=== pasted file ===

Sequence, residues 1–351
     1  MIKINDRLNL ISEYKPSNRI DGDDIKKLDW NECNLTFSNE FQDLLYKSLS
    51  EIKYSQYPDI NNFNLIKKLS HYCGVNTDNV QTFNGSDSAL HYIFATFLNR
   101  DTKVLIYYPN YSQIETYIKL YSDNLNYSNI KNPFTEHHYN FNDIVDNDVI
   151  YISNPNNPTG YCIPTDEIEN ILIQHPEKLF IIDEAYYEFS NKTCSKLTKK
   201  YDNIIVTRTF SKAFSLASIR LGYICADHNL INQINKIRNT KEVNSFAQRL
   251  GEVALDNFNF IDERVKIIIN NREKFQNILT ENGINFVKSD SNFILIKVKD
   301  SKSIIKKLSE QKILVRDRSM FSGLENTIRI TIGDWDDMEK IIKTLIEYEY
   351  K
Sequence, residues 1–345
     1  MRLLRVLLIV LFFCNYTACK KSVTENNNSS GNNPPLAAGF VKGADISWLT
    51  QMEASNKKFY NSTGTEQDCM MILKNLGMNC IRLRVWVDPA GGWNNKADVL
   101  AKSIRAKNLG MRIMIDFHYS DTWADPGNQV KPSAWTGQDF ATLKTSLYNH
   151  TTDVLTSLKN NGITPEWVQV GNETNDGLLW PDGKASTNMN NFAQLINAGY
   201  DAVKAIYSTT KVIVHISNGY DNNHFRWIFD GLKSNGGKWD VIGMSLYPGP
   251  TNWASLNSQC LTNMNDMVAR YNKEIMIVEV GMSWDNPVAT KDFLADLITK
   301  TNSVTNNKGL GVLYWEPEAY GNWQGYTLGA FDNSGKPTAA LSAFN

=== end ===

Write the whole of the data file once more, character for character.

Sequence, residues 1–351
     1  MIKINDRLNL ISEYKPSNRI DGDDIKKLDW NECNLTFSNE FQDLLYKSLS
    51  EIKYSQYPDI NNFNLIKKLS HYCGVNTDNV QTFNGSDSAL HYIFATFLNR
   101  DTKVLIYYPN YSQIETYIKL YSDNLNYSNI KNPFTEHHYN FNDIVDNDVI
   151  YISNPNNPTG YCIPTDEIEN ILIQHPEKLF IIDEAYYEFS NKTCSKLTKK
   201  YDNIIVTRTF SKAFSLASIR LGYICADHNL INQINKIRNT KEVNSFAQRL
   251  GEVALDNFNF IDERVKIIIN NREKFQNILT ENGINFVKSD SNFILIKVKD
   301  SKSIIKKLSE QKILVRDRSM FSGLENTIRI TIGDWDDMEK IIKTLIEYEY
   351  K
Sequence, residues 1–345
     1  MRLLRVLLIV LFFCNYTACK KSVTENNNSS GNNPPLAAGF VKGADISWLT
    51  QMEASNKKFY NSTGTEQDCM MILKNLGMNC IRLRVWVDPA GGWNNKADVL
   101  AKSIRAKNLG MRIMIDFHYS DTWADPGNQV KPSAWTGQDF ATLKTSLYNH
   151  TTDVLTSLKN NGITPEWVQV GNETNDGLLW PDGKASTNMN NFAQLINAGY
   201  DAVKAIYSTT KVIVHISNGY DNNHFRWIFD GLKSNGGKWD VIGMSLYPGP
   251  TNWASLNSQC LTNMNDMVAR YNKEIMIVEV GMSWDNPVAT KDFLADLITK
   301  TNSVTNNKGL GVLYWEPEAY GNWQGYTLGA FDNSGKPTAA LSAFN